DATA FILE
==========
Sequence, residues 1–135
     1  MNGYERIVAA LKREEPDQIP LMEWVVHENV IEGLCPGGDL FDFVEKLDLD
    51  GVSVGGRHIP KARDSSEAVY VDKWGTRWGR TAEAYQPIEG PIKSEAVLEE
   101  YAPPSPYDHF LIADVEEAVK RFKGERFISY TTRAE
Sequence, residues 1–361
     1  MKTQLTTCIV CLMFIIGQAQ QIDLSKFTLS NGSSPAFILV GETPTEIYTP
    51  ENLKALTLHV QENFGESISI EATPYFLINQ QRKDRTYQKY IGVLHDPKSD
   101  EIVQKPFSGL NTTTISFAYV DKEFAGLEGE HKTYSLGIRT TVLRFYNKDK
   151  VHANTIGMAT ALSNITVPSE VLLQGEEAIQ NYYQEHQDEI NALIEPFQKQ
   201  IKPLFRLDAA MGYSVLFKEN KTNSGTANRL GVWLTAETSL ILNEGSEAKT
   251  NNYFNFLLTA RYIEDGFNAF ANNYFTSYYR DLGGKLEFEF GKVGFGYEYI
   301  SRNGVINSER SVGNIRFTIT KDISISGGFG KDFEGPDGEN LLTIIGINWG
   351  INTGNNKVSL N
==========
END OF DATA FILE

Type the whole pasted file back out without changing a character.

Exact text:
Sequence, residues 1–135
     1  MNGYERIVAA LKREEPDQIP LMEWVVHENV IEGLCPGGDL FDFVEKLDLD
    51  GVSVGGRHIP KARDSSEAVY VDKWGTRWGR TAEAYQPIEG PIKSEAVLEE
   101  YAPPSPYDHF LIADVEEAVK RFKGERFISY TTRAE
Sequence, residues 1–361
     1  MKTQLTTCIV CLMFIIGQAQ QIDLSKFTLS NGSSPAFILV GETPTEIYTP
    51  ENLKALTLHV QENFGESISI EATPYFLINQ QRKDRTYQKY IGVLHDPKSD
   101  EIVQKPFSGL NTTTISFAYV DKEFAGLEGE HKTYSLGIRT TVLRFYNKDK
   151  VHANTIGMAT ALSNITVPSE VLLQGEEAIQ NYYQEHQDEI NALIEPFQKQ
   201  IKPLFRLDAA MGYSVLFKEN KTNSGTANRL GVWLTAETSL ILNEGSEAKT
   251  NNYFNFLLTA RYIEDGFNAF ANNYFTSYYR DLGGKLEFEF GKVGFGYEYI
   301  SRNGVINSER SVGNIRFTIT KDISISGGFG KDFEGPDGEN LLTIIGINWG
   351  INTGNNKVSL N